MYRTLE (1932) The 9 ton wooden gas screw Myrtle stranded and was lost a mile south of East Foreland at 11:30 a.m. August 6, 1932. E Sandvik, master and owner, was the only one aboard at the time of the disaster. He had departed Swanson Creek in Cook Inlet and was bound for Kenai and Seldovia. The cargo aboard the Myrtle was 2 ½ tons of canned salmon valued at $500. The following are excerpts from the casualty report:
“1 mile south of East Foreland, Alaska.” “From gentle breeze of S.W. at 9 a.m. increasing to storm in the afternoon.” “Stranding occurred about 1 hr. and 15 min. before low water at which time wind had increased to strong breeze with moderate ground swell. Ebb current somewhat offset ground swell for a distance of approximately 4 miles south of East Foreland. Flood current set ground swell in to beach with full force of wind and current.” “Rowed out kedge anchor with 40 fms of line. No other boat near by at time of stranding.” “Libby McNeill & Libby cannery tenders Indiana and Flyer offered assistance but came too late and could not be accepted.” “Total loss of hull”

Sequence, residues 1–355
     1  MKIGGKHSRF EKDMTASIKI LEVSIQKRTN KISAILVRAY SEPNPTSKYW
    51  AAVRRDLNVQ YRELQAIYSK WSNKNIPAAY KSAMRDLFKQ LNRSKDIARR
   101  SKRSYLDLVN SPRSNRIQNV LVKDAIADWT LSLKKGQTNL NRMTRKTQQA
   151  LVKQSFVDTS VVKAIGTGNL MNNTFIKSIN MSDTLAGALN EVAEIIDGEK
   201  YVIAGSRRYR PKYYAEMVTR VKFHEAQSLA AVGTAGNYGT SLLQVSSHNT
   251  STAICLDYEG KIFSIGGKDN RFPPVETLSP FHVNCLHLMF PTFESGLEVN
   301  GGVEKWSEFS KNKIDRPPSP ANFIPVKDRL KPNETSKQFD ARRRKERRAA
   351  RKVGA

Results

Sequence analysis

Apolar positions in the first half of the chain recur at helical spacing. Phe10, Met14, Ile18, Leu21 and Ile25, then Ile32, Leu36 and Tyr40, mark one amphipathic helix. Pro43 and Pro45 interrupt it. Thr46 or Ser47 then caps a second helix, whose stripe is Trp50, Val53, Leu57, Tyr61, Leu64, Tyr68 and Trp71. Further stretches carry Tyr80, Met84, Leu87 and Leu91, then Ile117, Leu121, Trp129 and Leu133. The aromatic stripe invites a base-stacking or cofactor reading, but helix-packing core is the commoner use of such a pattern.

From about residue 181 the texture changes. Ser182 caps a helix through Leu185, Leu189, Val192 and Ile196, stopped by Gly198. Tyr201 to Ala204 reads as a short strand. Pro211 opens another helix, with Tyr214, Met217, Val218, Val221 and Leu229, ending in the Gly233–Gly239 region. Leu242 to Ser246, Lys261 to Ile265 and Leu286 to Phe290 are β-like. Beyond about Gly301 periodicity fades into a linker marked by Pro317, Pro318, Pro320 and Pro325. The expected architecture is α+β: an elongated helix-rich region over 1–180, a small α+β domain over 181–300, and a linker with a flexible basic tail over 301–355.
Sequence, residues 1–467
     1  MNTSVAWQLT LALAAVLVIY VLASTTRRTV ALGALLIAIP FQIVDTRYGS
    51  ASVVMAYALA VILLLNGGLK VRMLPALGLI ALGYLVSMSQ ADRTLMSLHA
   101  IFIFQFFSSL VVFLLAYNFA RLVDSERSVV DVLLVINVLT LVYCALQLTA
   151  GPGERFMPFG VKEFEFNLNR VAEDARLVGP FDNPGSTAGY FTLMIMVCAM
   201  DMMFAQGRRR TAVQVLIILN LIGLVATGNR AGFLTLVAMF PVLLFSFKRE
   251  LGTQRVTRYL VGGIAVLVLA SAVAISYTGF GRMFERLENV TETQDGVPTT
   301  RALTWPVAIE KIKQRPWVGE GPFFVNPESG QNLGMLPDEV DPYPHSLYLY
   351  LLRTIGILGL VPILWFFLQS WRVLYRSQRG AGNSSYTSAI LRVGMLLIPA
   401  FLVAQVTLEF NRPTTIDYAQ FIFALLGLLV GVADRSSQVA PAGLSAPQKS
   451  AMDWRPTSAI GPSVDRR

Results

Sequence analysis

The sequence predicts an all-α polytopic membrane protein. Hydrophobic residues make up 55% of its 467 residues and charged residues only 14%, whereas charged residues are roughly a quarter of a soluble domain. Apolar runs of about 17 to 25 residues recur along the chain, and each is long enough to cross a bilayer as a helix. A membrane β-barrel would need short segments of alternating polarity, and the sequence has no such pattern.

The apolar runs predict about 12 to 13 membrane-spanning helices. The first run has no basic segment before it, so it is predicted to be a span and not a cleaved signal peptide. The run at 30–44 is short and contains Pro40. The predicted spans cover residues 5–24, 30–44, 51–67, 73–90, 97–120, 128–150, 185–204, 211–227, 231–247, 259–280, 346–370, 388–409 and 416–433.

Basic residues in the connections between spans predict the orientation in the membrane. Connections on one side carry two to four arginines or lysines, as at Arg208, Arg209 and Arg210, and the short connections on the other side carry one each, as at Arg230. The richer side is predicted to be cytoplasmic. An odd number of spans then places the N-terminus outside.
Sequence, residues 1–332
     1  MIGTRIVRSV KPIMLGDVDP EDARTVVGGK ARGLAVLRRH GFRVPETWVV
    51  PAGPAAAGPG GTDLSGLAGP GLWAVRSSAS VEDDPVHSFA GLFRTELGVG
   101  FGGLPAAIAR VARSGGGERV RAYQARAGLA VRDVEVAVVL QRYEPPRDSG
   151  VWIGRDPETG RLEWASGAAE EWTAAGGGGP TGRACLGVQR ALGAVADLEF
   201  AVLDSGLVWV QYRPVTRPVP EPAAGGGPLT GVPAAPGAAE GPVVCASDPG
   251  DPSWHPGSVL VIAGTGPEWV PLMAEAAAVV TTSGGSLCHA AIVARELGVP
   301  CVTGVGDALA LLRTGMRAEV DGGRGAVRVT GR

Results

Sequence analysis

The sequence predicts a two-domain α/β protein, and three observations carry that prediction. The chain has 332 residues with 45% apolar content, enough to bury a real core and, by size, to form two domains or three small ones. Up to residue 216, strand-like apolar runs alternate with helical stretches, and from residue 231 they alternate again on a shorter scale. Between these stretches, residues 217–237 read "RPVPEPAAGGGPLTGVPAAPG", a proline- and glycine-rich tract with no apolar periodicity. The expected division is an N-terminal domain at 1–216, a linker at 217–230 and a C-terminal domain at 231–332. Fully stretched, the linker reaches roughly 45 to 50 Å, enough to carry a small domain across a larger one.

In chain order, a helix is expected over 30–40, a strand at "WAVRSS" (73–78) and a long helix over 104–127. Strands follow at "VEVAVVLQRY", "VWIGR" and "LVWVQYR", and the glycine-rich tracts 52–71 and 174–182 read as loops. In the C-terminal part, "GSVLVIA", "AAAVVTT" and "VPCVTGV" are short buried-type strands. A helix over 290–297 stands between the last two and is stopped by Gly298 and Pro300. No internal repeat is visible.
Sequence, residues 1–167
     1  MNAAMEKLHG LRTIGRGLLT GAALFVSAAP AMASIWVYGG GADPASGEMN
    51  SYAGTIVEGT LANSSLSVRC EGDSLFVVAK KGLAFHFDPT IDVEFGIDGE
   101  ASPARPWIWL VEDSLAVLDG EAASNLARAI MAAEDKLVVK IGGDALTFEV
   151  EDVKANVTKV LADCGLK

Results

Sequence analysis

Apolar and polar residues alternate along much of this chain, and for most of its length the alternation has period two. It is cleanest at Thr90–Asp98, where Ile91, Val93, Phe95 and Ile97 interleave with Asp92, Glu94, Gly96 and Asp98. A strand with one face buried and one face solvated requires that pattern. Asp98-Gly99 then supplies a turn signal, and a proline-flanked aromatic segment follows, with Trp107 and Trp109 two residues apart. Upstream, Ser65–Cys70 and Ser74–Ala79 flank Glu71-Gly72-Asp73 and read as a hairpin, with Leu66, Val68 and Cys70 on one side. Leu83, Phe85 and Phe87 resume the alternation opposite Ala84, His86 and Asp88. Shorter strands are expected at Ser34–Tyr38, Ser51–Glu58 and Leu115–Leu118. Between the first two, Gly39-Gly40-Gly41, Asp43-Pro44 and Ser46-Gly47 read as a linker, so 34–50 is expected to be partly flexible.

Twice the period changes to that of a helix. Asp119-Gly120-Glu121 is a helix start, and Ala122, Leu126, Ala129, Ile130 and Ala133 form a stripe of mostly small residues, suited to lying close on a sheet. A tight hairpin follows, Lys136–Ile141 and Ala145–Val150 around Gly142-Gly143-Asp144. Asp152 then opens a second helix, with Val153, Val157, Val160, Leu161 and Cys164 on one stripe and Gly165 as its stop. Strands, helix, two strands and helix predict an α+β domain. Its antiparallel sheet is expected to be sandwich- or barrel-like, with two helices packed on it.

The Myrtle had a value of $3,000 at the time of the loss. Much of the cargo was salvaged. There was no insurance.
Mapping and Location : Southcentral Alaska 60 43 N 151 24 W Chart 16662
Additional Information : Tonnage 9 Gross 7 Net, Age 5 years, Registered Seward, ON 227866,Master and owner E Sandvik of Seldovia
Source : U S Coast Guard Report of Casualty September 12, 1932 by Sandvik
MYRTLE H (1926) The 23 ton wooden gas screw Myrtle H foundered near Hinchinbrook Island at 10:30 p.m. Saturday July 23, 1926. The vessel departed Cordova bound for Cape Hinchinbrook Lighthouse with two aboard and was on a return trip when the disaster occurred. The following are excerpts from the casualty report: